Quick paragraphs of the movies I’ve seen up until today this year in theaters (not including Creation (full review coming) and No Impact Man (view on On Demand)).  Note: all but Youth in Revolt are 2009 releases.

1. A Single Man – starring Colin Firth as a closeted homosexual in 1962.  The movie follows a day of his life, eight months after he lost his partner to a car accident that he still can’t get over.  The movie itself meanders a lot, focusing on random, specific details of the main character, but Firth is subtly brilliant in the role, and Julianne Moore as his life long friend is also a treat.  Solid directorial debut from Tom Ford: B.

2. Sherlock Holmes – Guy Ritchie directed film starring Robert Downey Jr. and Holmes and Jude Law as his trusty side kick Watson.  Definitely a Ritchie film (between the punchy dialogue, the adventurous action sequences and the occasional dull side trips along the way), but exciting and well made, and demands more than one viewing to follow all of the little pieces that set up the grand finale.  Downey makes Holmes his own: B.

3. Broken Embraces – a Spanish neo-noir about a blind screenwriter/director who recounts a tale of intrigue, lust, love, and power, and how he ended up becoming blind in the first place.  Beautifully shot, and Penelope Cruz almost seems eternally young.  The latest from director Aldomovar: B+.

4. The Lovely Bones – based off the best selling novel, a young girl gets killed, sent to the in between world, and discovers a new life there while her parents grieve back on earth and the killer (masterfully portrayed by Stanley Tucci) plots his next kill.  This sounds good (and, in fact, is perfectly decent for the first 30 minutes or so), but goes completely off the rails once Suzie dies, and only goes down hill from there, with a climax so completely absurd you have to watch it to believe it.  Not good at all: C-

5. Youth in Revolt – Michael Cera as a high school teen (how many times now?) who falls in love but, in order to get back with the girl, needs to do bad.  Enter Francois Dillinger, his rule breaking alter ego.  Highly amusing at times, and it’s a pleasure to see Cera demolish his usual typecasting: B.

6. The Young Victoria – a biopic about the early reign of Queen Victoria, the long serving monarch in British history.  Emily Blunt is quite good as the young queen, who ends up both too brash and in over her head once she settles in as queen.  Good performances all around, with some excellent costume designs: A-.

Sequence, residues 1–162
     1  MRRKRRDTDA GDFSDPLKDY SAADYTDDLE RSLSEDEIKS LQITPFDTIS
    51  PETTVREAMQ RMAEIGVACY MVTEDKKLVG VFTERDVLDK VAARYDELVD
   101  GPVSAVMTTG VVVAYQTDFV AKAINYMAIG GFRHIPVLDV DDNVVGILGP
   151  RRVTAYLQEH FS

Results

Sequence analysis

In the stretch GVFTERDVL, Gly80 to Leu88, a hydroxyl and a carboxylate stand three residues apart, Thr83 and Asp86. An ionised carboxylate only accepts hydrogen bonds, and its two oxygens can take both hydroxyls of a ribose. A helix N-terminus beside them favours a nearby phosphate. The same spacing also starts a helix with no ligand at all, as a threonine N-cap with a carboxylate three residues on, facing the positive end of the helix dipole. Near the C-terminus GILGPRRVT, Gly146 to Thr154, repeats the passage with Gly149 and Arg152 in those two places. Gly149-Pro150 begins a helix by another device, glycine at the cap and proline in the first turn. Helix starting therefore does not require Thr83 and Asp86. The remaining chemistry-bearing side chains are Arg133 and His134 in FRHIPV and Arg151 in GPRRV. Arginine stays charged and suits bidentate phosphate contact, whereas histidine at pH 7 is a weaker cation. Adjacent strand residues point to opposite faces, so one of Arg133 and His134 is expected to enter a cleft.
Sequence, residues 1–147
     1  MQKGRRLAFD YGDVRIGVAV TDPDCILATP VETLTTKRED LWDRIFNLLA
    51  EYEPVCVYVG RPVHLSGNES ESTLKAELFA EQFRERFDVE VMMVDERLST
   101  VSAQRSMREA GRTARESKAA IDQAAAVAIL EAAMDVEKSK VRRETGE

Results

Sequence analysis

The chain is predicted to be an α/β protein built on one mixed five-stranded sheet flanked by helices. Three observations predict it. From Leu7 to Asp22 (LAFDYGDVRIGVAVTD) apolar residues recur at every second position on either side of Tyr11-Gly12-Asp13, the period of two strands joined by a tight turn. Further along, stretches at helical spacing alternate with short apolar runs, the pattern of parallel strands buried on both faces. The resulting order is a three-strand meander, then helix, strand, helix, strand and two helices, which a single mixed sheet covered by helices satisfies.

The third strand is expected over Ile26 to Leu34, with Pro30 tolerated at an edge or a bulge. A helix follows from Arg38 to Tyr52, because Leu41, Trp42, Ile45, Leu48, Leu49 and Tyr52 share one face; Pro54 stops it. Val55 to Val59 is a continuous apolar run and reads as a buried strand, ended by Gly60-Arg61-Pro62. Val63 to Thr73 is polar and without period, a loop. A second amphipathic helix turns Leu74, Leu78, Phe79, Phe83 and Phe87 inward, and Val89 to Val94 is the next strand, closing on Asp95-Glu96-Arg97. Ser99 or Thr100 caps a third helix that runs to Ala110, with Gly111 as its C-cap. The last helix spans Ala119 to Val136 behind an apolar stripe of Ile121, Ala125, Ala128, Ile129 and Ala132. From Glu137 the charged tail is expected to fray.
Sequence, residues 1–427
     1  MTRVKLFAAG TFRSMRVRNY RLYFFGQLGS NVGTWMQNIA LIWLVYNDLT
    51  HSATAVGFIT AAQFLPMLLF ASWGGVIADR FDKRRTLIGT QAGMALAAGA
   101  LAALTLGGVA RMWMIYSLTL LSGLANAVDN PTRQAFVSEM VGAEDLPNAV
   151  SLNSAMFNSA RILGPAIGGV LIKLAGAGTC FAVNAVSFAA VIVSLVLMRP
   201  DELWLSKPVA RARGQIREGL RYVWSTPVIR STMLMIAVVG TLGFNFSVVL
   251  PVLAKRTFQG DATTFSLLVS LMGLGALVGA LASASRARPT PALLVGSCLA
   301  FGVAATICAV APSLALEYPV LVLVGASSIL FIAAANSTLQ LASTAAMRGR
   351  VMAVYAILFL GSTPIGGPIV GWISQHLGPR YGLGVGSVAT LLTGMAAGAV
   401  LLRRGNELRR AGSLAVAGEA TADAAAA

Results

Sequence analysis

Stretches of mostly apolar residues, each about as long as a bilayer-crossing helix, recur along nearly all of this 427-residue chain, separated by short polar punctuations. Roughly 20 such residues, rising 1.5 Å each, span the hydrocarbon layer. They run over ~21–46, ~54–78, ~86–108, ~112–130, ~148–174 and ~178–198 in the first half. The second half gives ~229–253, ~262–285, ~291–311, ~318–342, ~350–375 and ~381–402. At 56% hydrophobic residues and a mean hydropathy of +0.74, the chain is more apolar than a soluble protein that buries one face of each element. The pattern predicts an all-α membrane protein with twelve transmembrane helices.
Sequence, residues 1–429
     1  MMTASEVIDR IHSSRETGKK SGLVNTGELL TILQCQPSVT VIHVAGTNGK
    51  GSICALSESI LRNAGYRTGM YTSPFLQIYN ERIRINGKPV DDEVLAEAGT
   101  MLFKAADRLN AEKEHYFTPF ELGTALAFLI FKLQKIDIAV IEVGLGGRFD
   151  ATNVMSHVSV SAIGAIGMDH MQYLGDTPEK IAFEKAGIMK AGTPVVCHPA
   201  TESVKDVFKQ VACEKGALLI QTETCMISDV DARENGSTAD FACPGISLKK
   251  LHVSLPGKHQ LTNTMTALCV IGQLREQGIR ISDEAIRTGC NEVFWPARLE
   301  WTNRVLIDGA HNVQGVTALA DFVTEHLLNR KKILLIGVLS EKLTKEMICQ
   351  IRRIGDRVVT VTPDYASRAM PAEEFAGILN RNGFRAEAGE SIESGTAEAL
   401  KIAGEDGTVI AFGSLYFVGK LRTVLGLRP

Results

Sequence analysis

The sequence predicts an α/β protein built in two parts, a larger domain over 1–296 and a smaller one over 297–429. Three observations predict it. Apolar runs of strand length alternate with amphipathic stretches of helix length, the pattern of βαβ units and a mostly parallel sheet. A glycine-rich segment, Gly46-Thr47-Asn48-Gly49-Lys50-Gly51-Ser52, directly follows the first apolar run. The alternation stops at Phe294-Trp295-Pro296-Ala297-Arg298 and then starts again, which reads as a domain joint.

7. A Town Called Panic – a madcap animated adventure, starring Cowboy, Indian, and Horse as themselves in one hilarious misadventure after another.  The movie has an episodic flow to it as it goes from one disastrous occurrence to the next, but the movie keeps getting sillier as it goes along, and some of the jokes and sight gags are laugh out loud funny.  A treat: B+

8. The Imaginarium of Doctor Parnassus – a strange little film, with Christopher Plummer as the eponymous Doctor Parnassus, and also having Heath Ledger in his final role.  Great support from Depp, Law, and Farrell as well.  I don’t get Gilliam though.  The movie is fine for what it is, at least when it’s set in reality, but once it goes off world, anything goes, and nothing makes sense.  At least the visuals are nice, which is what you’re really paying for anyway, right? B-

9. The White Ribbon – Michael Haneke’s latest complexity, set in a German town the year before the Great War broke out, with many strange occurrences happening.  Easily one of the best shot films in recent memory (the black and white conversion from color, the 30-60 second average single shot, the landscape, etc.), but also one of the most mind numbing as well.  A thriller/whodunnit of sorts, with everything and nothing happening all at once.  This will require more than one viewing to try and unlock whatever mystery is in there.  As a movie itself, brilliant.  Anything else after that?  Who knows: B+

10. The Blind Side – the surprise box office hit of 2009 (yes, it really is, at least to me), with Sandra Bullock as a… what is she exactly?  Anyway, Sandra Bullock is quite good and well deserving of the praise she’s receiving as a woman who adopts a homeless and lost giant of the teenager, gets him back on his feet, and learns a thing or two in the process about life.  Your typical inspirational movie, but a well done inspirational movie.  Good enough to see and feel good about: B.